One of our recent graduates, InterVene, is making great strides, having recently been approved and funded to do early feasibility clinical trials in New Zealand. The team, led by founder and CEO Fletcher Wilson, left right before Labor Day Weekend.
InterVene has enjoyed several accomplishments in the past several months: securing nearly $8 million in Series A funding, which underscores the significance of their new medical technologies; adding new team members; and moving to its new headquarters in South San Francisco this month.
The startup is creating a novel, minimally invasive device for the treatment of venous disease in the legs. The clinical trials will be the first catheter-based therapy to correct the underlying cause of chronic venous insufficiency (CVI). This condition is caused by improper function of the veins in the legs, which leads to blood pooling in the lower extremes, causing skin changes and painful ulcerations. CVI is not uncommon — it afflicts up to 24 percent of adults and costs the U.S. healthcare system nearly $2 billion annually.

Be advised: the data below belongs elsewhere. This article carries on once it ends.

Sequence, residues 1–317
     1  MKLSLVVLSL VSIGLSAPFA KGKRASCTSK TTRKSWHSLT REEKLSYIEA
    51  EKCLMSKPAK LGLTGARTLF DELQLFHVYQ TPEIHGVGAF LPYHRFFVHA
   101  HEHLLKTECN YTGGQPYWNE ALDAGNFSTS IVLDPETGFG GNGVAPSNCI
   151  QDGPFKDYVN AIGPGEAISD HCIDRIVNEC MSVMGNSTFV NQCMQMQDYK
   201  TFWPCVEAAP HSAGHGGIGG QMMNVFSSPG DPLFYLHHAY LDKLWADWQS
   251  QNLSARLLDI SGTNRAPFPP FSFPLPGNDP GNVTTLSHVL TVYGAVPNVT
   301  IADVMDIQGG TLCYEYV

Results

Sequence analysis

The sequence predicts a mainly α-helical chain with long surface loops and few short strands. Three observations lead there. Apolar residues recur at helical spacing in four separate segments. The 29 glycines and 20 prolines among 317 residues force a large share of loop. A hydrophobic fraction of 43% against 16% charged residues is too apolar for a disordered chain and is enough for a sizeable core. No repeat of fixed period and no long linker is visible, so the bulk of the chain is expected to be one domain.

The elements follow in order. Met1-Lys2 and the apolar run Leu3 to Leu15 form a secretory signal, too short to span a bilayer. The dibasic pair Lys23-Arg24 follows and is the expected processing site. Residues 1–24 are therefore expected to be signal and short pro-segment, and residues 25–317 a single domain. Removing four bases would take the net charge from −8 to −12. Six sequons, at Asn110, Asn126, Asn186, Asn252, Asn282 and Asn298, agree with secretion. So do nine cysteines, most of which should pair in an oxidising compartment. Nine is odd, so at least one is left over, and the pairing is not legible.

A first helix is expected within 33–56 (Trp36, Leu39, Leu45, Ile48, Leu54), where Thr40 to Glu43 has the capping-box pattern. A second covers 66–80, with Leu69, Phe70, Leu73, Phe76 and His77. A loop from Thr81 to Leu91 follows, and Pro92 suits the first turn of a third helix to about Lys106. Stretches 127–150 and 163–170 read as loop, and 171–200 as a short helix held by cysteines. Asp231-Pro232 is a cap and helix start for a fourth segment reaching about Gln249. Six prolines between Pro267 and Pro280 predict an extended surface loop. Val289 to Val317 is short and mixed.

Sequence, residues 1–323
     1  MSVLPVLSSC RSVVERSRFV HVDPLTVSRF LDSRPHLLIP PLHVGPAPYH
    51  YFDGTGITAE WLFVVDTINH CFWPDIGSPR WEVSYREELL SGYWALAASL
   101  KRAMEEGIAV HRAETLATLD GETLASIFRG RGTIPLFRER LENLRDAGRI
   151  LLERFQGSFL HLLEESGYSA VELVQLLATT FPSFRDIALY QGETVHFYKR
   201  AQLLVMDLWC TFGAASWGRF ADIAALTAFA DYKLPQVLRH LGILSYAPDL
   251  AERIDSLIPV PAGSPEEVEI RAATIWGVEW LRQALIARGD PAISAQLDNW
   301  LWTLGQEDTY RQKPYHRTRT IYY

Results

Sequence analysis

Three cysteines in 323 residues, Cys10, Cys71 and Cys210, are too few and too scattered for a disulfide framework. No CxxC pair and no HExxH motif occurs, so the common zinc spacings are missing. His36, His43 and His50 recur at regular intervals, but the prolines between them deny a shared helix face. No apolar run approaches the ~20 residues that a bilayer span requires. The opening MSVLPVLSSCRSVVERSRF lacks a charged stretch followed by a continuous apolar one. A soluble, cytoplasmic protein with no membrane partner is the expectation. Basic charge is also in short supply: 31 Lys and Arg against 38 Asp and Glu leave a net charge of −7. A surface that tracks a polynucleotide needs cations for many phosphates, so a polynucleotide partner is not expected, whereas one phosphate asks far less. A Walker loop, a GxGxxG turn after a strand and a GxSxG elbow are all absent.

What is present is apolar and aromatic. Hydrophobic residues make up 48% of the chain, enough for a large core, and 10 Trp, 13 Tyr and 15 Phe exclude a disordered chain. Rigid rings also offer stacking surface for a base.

The clinical trials are aimed at demonstrating functionality and safety. To date, CVI treatment for patients with deep vein reflux is limited to compression stockings and wound care, or in rare cases, invasive surgery.
“This is exciting news for Fletcher, his team and the millions of patients who will benefit from the technology,” said Fogarty Institute President and CEO Ann Fyfe. “Here at the Institute, we judge our success based on the quality of the company we help create; the legitimacy of the medical device, as proven by its ability to secure funding; the number of patients who will potentially benefit; and the probability of the innovator to make a long-term impact on healthcare. We couldn’t be more proud of InterVene and feel confident in its potential for success.”